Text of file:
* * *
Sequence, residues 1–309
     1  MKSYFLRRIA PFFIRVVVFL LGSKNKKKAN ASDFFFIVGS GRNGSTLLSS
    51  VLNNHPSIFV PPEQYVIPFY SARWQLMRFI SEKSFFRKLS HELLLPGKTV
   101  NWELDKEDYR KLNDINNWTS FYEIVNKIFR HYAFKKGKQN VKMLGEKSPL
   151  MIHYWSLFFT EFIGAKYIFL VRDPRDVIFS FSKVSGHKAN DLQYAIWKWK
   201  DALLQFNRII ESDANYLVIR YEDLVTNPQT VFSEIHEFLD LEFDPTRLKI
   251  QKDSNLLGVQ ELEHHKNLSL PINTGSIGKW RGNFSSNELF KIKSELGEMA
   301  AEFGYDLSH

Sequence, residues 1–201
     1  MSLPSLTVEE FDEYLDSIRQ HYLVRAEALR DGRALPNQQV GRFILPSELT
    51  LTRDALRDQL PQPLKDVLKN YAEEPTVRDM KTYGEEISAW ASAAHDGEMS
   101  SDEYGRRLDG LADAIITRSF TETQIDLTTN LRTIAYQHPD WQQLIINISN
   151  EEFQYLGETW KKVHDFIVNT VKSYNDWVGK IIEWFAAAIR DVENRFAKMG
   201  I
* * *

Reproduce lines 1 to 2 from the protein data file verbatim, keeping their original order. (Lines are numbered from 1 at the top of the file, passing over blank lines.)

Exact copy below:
Sequence, residues 1–309
     1  MKSYFLRRIA PFFIRVVVFL LGSKNKKKAN ASDFFFIVGS GRNGSTLLSS